A group of jovial folk gathered at an arena outside of Lodi on Saturday to enjoy a Medieval style tournament, complete with decorated horses, suits of chain mail and battles for the honor of becoming Equestrian Champion of the Western Kingdom.
Lords and ladies, bards and heralds and even knights and royalty were in the crowd cheering on the competitors. These are players of the Society for Creative Anachonism. The national group connects fictional kingdoms, principalities and local groups who meet up to act out their favorite Medieval hobbies. Many began playing as children or teens, and never stopped.
The Western Kingdom stretches from the Bay Area into Nevada, and up to the Oregon border. It also includes Japan and Alaska, though those participants generally stay local to their own principalities. Bonds are formed, oaths of fealty sworn, and ancient arts practiced and honored.
Members of the group practice a wide range of medieval arts, from embroidery to dancing, music and warfare.
“If you can think of it, someone is doing it,” said Merced Romero Jr., of Stockton. He plays Zaid Al-fallah a-hajji, and has been participating for 25 years.
Most make their own costumes, based on a wide range of historical periods from the year 600 to 1650. Romero’s costume is pulled from the Middle Eastern or Moorish styles of the Middle Ages.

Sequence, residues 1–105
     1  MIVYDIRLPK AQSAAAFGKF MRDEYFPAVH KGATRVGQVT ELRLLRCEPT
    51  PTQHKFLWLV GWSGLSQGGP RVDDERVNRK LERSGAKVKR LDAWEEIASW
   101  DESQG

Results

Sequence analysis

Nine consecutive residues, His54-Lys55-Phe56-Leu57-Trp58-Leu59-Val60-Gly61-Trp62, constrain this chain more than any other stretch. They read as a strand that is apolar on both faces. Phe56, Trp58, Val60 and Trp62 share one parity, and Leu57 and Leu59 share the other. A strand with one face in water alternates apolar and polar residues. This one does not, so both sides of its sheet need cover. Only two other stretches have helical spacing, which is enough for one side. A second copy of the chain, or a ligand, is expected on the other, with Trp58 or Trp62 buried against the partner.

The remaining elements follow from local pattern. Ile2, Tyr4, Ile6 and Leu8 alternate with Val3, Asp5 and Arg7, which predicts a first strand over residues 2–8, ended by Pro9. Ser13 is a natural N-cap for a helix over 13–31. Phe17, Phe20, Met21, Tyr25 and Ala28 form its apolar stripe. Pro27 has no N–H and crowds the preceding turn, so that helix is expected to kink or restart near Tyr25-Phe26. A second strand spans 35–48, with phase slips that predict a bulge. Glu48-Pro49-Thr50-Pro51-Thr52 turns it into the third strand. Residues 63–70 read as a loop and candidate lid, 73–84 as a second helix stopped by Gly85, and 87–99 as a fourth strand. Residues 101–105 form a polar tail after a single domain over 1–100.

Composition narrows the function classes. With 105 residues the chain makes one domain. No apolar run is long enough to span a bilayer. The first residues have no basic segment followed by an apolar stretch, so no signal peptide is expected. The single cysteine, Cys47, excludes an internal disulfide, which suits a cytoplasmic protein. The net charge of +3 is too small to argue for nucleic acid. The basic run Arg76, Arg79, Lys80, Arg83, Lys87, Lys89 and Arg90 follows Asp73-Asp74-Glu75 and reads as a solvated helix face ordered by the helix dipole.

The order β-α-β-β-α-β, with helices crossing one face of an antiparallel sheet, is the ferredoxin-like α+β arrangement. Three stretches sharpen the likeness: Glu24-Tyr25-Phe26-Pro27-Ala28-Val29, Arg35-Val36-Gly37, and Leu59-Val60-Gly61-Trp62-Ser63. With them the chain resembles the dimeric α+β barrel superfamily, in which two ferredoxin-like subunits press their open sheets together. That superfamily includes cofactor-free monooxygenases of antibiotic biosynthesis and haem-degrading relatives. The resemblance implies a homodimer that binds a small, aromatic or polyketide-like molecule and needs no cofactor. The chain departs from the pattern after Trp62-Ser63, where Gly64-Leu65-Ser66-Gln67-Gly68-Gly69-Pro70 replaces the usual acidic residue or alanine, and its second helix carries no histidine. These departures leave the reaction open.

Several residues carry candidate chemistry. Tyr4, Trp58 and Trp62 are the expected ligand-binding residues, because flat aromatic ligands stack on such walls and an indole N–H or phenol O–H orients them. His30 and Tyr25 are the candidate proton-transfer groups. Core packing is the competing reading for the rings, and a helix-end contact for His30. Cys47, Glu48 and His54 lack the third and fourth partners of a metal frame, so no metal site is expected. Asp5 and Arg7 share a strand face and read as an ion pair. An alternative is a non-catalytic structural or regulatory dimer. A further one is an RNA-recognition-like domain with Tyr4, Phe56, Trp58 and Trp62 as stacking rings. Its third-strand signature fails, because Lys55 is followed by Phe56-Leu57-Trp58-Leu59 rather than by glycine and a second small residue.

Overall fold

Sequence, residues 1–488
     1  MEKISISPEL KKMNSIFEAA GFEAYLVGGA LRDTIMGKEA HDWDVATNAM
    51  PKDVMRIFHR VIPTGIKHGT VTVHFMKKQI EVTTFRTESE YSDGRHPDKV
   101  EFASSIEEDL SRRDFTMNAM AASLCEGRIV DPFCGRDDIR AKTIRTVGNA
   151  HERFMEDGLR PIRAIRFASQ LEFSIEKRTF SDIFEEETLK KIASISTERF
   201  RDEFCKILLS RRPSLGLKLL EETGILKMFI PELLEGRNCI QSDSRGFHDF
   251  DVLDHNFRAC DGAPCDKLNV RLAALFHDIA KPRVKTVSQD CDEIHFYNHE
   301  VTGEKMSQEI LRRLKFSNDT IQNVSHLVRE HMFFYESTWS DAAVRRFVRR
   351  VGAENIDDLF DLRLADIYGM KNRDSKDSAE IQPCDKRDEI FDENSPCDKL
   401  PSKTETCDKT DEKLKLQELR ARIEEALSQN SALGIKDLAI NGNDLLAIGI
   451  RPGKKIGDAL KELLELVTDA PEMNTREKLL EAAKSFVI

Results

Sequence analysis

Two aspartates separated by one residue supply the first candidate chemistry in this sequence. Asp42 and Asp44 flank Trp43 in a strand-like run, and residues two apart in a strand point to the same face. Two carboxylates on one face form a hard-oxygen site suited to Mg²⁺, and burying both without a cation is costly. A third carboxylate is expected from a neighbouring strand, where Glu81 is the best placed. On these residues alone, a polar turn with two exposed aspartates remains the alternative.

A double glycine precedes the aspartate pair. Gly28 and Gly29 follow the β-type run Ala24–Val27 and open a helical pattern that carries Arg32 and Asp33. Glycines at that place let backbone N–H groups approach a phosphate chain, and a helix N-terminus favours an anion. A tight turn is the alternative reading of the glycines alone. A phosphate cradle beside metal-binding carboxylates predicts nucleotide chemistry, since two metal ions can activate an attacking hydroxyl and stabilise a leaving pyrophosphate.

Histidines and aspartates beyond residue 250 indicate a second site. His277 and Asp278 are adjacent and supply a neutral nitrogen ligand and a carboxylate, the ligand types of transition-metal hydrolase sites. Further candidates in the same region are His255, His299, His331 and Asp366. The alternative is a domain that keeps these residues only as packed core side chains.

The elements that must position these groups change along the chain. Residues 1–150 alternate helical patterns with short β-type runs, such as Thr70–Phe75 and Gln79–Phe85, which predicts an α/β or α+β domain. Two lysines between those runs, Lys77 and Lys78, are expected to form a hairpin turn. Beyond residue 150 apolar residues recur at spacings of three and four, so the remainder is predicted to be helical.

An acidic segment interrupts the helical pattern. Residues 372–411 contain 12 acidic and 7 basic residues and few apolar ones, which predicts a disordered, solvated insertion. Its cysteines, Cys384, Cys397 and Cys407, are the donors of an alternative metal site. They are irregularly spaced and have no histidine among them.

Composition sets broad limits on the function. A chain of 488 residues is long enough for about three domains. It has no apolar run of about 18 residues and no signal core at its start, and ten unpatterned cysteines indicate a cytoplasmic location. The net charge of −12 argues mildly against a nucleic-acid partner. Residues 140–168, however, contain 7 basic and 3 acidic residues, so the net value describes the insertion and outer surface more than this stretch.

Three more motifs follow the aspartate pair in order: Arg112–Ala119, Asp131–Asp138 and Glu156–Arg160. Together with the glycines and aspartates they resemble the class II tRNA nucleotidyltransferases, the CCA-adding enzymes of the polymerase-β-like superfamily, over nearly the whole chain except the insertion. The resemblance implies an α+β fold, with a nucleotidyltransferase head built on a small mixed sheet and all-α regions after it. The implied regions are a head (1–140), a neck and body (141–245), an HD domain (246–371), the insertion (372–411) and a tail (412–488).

Most players are drawn into society because of a love of history that goes beyond the textbooks.
“Here, we get to do something,” said Ruth Ann Van Vranken, who plays as Aurora Komnene wearing a delicate gown embriodered with golden thread and pearls.
Aine Ingen Fhinn, otherwise known as Margaret Thompson of Hilmar, observed the competition with eager eyes. She is the current champion, having earned her title last year.
Her job is to represent the kingdom in various affairs, and to arrange next year’s competition.
She began playing as an 11 year old with her family in Chico, and it has followed her through life.
“A lot of these people have become family,” she said. “You don’t find these kinds of connections in the outside world.”
That’s a good thing, since this group can end up spending nearly every weekend together at feasts, tournaments or other events.
One major draw of joining the society is, of course, the opportunity to fight. Players don armor made in historical designs, though the material may be leather, plastic or aluminum chainmail. Swords, battle axes, maces and spears are all fair game. But these are made of rettan, a solid bamboo material. They’re safer to use, and hold up longer than foam or plastic.
“Any weapon can pretty much be recreated with that stuff and a lot of duct tape,” said Aina.
There were no battles on Saturday, but there was a healthy sense of competition.
The riders are judged on elegance of movement, control of the horse and their skill in completing the task at hand. One stage ran the competitors through an obstable course, while another callled for them to pull rings off a stand then pick up a foam sheild, all while the horse was in motion.
Four finalists were selected: Catherine Goatherd, Gwedywn the Silent, Malyn Edwardis and Siobahn Seaopha.
After a final round of ring catching and shield stabbing on horseback, the judges assembled to make their decision.
The court gathered together, rising for the king and queen. Ingen Fhinn grew emotional when she made the announcment that would end her time as champion.
The Wester Kingdom’s Equestrian Champion was declared to be Gwendywn the Silent, or Kim Bulotki-Smith.
The court thundered their approval in a manner fit for the Middle Ages.
“Hip hip huzzah!”
Contact reporter Sara Jane Pohlman at firstname.lastname@example.org.